IT'S USUALLY the engine that spoils an otherwise lovely sailboat charter, so we've learned to relax and ignore the bloody things.
It was the engine that clanged to a shuddering halt every other day in the Grenadines a few years ago and left us pleading with fix-it people on the radio when we should have been sailing.
It was the engine water pump that started spouting when we brought the charter yacht up the inland waterway last spring, and after that was fixed it was the alternator that quit and left us powerless and adrift on the Waccamaw River. Then the water pump quit again.
It was the starter that wouldn't start that had us hand-cranking the diesel on a Chesapeake charter last fall, and the battery that wouldn't batt that left us stuck at dockside early this spring, cursing the mechanical fates.
Okay, marine engines are fickle. Everyone who owns a sailboat either learns the whims of his auxiliary power plant or spends a lot of time cussing.
One engine wants its carburetor tickled; another wants to be started dry. One wants half choke, another none; one demands its throttle pumped, another wants it floored and yet another requires no throttle at all when hot, half- throttle when cold. These things you learn with time.
The problem, of course, is that if you rent someone else's boat (called "chartering") you don't learn the tricks until it's time to turn the wretched thing in.
So it was the other day when Joe, Jim-Bob and I scurried down to the dock in Annapolis on a wild, gray, windblown day to sail a sleek, 33-foot Scandinavian rocket called the BB-10. We'd arranged the one-day charter a week in advance and blind luck gave us a howling northwester to enjoy.
The yacht lay at the shoreside end of a dock full of oher yachts, leaving a narrow passage to open water to negotiate under power. We stowed the beer, rigged the sails and turned the key. The little diesel said "Rrrr, rrrr, rrr" slowly, and then said nothing at all.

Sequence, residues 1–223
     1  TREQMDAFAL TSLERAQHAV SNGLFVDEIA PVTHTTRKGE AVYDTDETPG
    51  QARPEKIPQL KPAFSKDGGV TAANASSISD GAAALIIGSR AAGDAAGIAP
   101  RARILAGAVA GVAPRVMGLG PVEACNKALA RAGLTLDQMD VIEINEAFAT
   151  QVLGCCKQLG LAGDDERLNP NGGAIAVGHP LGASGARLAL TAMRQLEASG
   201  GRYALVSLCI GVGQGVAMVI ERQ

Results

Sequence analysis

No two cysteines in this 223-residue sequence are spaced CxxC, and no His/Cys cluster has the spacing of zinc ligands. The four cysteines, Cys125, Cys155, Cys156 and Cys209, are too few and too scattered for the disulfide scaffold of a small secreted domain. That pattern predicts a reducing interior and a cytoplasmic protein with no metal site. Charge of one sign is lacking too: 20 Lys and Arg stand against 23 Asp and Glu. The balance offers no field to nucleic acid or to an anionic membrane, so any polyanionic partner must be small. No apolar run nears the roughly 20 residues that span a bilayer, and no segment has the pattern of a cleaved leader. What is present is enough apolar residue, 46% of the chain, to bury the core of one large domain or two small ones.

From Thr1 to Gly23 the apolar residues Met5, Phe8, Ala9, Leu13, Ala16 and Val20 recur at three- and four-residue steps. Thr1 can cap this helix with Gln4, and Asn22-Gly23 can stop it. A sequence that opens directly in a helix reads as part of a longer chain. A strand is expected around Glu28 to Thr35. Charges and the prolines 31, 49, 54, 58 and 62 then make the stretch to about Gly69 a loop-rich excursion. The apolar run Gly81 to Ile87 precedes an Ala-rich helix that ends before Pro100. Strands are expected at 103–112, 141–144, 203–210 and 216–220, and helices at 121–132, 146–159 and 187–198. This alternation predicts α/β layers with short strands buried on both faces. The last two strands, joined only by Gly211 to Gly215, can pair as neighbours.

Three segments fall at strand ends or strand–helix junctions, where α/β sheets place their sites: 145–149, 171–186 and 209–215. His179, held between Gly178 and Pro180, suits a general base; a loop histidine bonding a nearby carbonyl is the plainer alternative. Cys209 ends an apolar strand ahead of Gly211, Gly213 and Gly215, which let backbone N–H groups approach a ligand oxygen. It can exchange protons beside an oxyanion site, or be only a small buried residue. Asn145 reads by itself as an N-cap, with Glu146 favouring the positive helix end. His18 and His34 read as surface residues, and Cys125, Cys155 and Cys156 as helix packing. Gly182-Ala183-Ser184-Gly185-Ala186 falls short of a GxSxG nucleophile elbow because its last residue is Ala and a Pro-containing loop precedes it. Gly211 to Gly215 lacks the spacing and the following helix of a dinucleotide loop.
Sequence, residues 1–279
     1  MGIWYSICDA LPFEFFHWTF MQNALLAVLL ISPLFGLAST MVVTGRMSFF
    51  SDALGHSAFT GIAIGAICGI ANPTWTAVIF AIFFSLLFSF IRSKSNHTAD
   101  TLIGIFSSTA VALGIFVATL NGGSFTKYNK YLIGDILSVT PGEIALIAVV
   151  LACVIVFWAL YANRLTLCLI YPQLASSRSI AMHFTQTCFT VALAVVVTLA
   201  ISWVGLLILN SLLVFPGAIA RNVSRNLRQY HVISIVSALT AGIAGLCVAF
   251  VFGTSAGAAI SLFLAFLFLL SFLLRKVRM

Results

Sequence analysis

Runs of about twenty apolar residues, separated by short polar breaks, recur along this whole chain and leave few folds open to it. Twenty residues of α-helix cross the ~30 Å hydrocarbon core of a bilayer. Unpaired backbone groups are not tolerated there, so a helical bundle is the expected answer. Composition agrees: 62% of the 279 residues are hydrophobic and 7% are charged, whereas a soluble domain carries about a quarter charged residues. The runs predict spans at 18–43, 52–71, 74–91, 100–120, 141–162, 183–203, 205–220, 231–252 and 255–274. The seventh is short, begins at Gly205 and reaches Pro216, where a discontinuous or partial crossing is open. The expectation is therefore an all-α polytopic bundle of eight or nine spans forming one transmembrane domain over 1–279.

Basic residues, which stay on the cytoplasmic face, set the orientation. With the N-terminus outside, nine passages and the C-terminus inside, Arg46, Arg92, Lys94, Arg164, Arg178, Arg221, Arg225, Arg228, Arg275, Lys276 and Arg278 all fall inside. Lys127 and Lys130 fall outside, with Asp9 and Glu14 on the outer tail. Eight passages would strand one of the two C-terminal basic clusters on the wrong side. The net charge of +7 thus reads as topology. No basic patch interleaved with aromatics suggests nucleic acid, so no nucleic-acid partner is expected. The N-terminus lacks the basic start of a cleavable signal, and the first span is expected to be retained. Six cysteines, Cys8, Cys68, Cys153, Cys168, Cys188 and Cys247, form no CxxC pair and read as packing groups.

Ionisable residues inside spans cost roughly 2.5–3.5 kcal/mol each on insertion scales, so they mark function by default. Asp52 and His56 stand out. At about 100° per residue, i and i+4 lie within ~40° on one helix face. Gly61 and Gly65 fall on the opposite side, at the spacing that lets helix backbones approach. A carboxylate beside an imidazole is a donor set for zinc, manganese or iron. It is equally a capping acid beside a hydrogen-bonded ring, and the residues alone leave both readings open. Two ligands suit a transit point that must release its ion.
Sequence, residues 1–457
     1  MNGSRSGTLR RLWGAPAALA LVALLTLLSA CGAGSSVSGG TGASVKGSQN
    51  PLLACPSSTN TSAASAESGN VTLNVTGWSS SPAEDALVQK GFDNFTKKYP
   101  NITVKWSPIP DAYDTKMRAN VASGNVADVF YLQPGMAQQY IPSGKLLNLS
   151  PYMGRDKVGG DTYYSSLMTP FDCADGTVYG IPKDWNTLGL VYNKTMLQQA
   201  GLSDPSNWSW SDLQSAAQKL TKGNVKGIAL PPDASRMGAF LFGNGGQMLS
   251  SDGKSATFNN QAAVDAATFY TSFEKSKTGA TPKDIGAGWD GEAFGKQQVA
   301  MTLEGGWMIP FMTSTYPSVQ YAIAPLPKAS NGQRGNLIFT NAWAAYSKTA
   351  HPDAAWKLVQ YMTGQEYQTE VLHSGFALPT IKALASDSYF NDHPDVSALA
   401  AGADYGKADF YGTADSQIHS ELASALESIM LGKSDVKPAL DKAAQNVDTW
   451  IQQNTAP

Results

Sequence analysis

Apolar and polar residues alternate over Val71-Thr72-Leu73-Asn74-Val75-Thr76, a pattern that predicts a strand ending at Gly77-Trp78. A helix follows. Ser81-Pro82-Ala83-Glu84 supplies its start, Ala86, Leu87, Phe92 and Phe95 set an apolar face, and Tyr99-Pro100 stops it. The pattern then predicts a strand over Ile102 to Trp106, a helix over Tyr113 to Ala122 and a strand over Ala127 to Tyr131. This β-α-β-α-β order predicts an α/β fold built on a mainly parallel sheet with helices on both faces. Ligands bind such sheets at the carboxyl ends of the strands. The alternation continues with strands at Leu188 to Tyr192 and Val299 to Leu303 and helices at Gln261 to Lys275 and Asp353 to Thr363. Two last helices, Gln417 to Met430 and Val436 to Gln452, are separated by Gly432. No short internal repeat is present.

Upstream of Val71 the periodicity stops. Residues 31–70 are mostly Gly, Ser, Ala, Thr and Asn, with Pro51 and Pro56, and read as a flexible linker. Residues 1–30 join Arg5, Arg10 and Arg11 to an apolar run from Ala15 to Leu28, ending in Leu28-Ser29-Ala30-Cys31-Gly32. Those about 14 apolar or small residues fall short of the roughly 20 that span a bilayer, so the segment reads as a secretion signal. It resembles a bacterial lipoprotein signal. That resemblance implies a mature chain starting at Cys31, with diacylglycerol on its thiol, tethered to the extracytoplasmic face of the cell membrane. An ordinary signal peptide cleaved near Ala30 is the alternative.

Jim-Bob grabbed the hand-crank and cranked until his ears got red, but the diesel emitted only one trace of smoke on about the 15th crank, then clammed up entirely.
The money was paid, the stores laid in, a breeze promised to blow all day and we couldn't get out of the slip.
It was unqualified disaster, until someone came up with the idea of bringing a car across the beach and alongside the dock, running jumper cables to the boat battery and cranking the diesel to life. After a fashion it worked, and we were off on a glorious, all-day sail.
It wasn't till mid-afternoon I suggested we try the key and see if the engine would start again when we had to get back in.
"Don't touch that key," said Joe. "If it won't start I don't want to know. I'd just spend the rest of the day worrying."
So we blasted around the Severn River, went out in the Bay for one last hammering beat and turned for home.
Fifty yards out we turned the key and heard the familiar, dying bleat. "RRRrr, rrrrr, rr . . . "
Joe said he'd take the helm, and he hatched a plan. Sailing into a slip is tricky business, doubly so if you don't know the boat. There was a strong following breeze pushing down the passageway. One mistake and we could knock down a structure or two.
The scheme was to sail to the passageway entrance under mainsail alone, as slowly as possible, then drop the main and let momentum carry us the final 40 yards to the slip, where we'd turn hard right and stop however we could.
If the mainsail jammed and didn't come down, of course, we'd be blasting down the passageway under full sail, headed straight for concrete.
And there was a nice audience. On the left lay a restaurant full of people staring out a picture window; on the right was a line of boats full of bored yachties looking for something to laugh at.
But the sail came flapping down on cue, the boat floated in as if on a track, we grabbed the appropriate lines and in moments we were safely in the slip, swilling beer in the cabin and grinning.
Next time we won't even try the damned motor.
Spring is ideal for Chesapeake Bay sailboat charters because there's usually a breeze, so you don't need an engine.
The BB-10 we chartered through Scandinavian Yachts Ltd. is an absolute gem of a sailboat and at $95 a day the best chartering bargain I've seen on the Bay. Rates for plusher boats range up to $2,000 or more a weekend.
For a list of about 30 charter sailboat operators in the Annapolis area and the close-by Eastern Shore, write to Chesapeake Bay Yacht Charter Association, Box 4022, Annapolis MD 21403.
Other, less formal charter arrangements are advertised by individual boat-owners in the Sunday boat advertisements, which in the Post apper in the Sports section.
Close to home, Belle Haven Marina (768- 0018) rents 19-foot sailboats on the Potomac in Alexandria, as well as a 34-foot yacht with captain available for rent by the hour; and Washington Sailing Marina (548-9027) has 14- and 15-footers for rent by the hour.